Calculating the real cost of nuclear

Mark Whitby

Has anyone actually done the calculations to establish th sustainable credentials of nuclear power? They should says Mark Whitby.

There was a great meeting recently where, at the Royal Academy of Engineering (RAE), a nuclear expert promoted the concept of nuclear batteries. Or U-battery to use industry jargon.

A lovely idea where we may scale down a nuclear power plant to the size of a couple of squash courts for a smart city or even smaller for a remote off grid application.

The idea is not altogether new, small nuclear thermal electric batteries have been developed for  lighthouses with some success, most notably during the Soviet era  along their Arctic coast line.

"Mindful of the realities our government has set a price of 9.25p/kWhr for our new nuclear, just four times the estimate made in 2004."

Following glasnost the security around these ice stations became a problem and whilst the Americans and Norwegians attempted to aid in their salvage, it would appear it is not only the copper and lead that is unaccounted for.  Of course we will manage better but should remember these tales when imaging solutions to the worlds power supplies. 

Back in 2004 the RAE published a paper on the cost of generating electricity that estimated the cost of the next generation of nuclear power at 2.26p /kWhr. This was at the time possibly reasonable .

Areva and Siemens had just signed a £2.2bn JV contract  for a new reactor in Finland. The report’s conclusions were to be repeated throughout the next decade and influence our whole energy policy.  Siemens meanwhile bought themselves out of the JV and with costs at now at over £6.5bn, Areva  have recently posted a £3.5bn loss .

Mindful of the realities our government has set a price of 9.25p/kWhr for our new nuclear, just four times the estimate made in 2004.

However this is not all the story, more recent research has begun to seriously question the ‘ low carbon’ claims for nuclear . Published in the Ecologist earlier this year the Ecologist report maintains that much like the ‘ RAE cost estimate’ there has been a tendency for experts  to cite as evidence ‘sources’ which have been replicating in a viral manner the same common unsubstantiated source. 

Each serve to support each other all without justification. Worse still it is the  calculation in the Ecologist that our planned new nuclear  doesn’t even meet the Climate Change Committee’s definition of low carbon nor the requirement that all new energy beyond 2030 should come in below 50 g/kWhr.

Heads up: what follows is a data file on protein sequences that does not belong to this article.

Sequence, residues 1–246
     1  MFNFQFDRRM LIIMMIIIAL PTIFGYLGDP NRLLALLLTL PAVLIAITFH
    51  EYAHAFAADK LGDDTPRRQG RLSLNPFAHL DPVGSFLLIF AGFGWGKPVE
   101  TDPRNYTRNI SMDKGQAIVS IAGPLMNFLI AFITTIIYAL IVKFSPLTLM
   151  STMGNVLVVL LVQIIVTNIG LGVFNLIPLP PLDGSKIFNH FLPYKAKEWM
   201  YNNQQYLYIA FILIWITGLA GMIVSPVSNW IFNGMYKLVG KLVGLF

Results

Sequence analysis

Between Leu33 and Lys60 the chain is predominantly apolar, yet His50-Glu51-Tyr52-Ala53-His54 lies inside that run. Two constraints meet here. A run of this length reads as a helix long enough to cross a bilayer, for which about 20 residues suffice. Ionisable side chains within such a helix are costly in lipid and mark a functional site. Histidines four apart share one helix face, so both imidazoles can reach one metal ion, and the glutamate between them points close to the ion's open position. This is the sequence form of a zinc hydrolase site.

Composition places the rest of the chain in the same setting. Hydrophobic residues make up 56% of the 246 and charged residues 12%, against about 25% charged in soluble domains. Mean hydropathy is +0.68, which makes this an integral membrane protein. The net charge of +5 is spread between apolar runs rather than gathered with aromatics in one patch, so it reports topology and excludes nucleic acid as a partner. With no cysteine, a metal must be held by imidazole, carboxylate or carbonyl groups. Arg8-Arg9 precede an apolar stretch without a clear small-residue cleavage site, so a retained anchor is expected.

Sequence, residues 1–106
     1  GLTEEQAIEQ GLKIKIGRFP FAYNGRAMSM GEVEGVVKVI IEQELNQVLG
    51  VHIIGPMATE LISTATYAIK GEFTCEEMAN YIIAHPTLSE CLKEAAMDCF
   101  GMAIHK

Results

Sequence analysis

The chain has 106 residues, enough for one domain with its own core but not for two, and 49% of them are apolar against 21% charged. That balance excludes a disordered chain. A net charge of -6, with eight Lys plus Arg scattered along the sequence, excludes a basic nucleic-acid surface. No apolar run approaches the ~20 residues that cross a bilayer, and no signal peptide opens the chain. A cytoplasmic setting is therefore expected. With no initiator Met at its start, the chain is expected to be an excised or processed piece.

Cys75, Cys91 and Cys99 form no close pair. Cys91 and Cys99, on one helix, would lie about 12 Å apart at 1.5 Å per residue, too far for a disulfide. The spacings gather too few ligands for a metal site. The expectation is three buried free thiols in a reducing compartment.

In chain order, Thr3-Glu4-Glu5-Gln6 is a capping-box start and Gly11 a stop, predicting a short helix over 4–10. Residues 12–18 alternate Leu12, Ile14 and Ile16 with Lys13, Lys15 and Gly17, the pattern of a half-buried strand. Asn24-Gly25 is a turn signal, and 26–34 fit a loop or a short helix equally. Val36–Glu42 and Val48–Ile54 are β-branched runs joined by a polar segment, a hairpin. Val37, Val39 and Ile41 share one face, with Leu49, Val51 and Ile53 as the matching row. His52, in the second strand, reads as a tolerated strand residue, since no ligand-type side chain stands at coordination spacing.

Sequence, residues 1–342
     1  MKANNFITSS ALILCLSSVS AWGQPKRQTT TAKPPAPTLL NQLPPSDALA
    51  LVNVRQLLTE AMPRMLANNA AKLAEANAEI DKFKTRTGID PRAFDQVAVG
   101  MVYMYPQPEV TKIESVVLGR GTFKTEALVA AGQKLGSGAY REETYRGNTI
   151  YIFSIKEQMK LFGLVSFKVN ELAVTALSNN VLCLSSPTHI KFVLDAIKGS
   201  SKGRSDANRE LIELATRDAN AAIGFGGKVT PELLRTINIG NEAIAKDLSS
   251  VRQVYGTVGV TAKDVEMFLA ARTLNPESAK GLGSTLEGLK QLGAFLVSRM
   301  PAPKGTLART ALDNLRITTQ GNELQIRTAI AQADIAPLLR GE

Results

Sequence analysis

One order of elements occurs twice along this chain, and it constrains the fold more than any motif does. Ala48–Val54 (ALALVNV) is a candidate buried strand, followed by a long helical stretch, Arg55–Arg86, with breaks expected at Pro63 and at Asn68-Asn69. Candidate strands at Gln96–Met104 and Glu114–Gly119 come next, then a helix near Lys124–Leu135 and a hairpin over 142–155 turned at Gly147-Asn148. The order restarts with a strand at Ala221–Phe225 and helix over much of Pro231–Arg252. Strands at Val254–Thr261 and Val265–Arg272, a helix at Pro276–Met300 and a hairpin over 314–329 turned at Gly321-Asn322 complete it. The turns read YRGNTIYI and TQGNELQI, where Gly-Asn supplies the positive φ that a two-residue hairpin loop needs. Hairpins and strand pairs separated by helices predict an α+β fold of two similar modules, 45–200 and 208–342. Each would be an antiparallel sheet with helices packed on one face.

Perhaps this won’t matter for Hinkley Point but with decreasing grades of ores from which the uranium is mined there are even the suggestion that by the end of its life such a plant would be totally unsustainable.

It would help if the experts could at least  do a definitive calculation.

Mark Whitby is a director of WME Consultants and a past president of the ICE



A welcome article highlighting an issue that's been conspicuous by its absence in the last couple of years. With the emphasis on whole life carbon costing for new infrastructure, its about time we saw an up to date whole life carbon foot-print and costs for this type of installation, taking a circular economy approach as far as possible. No decisions should be made by any flavour Government after the May election until they have this type of information.
Perhaps the Climate Change Committee's definition of low carbon is flawed? Perhaps our narrow reductionist thinking is flawed? Consider what happens when a business is informed that mission critical activities are suddenly put at risk because nationally there is insufficient generating capacity because we've closed a series of coal powered stations and not built new nuclear. What do you do as a business leader? The obvious answer is install standby power to make up the shortfall. So across the whole country the risk aportioned generating deficit is closed on a business by business basis. The lost capacity is re-procured, at great cost. The comparatively efficient, centralised system is replaced by myriad decentralised diesel engines. In this relativistic model, clean coal is replaced by dirty diesel. Absolutely: carbon emissions rise and the consumer is effectively subjected to an highly regressive form of taxation. This IS what is happening now. If one is seriously concerned with the environment and sustainability rather than merely complying with legalistic overtures then the question must be addressed holistically and not compartmentally. It is all very well for The Ecologist to raise these concerns and for Mark Whitby to champion them but if new nuclear is delayed any further UK plc will act independently and manage the risk iteself and I promise you sincerely, its answer will significantly exceed 50 g/kw.hr. We had 13 years under Labour to address this issue and begin the risk mitigation process but they did nothing. Now the time has come to act and we cannot afford to procrastinate.
There's an interesting article in the April 2015 edition of 'The Chemical Engineer' on the environmental credentials of nuclear fission processes for electricity generation. It concludes that - compared with several methods - the latest reactors most closely resemble wind turbine power for impact.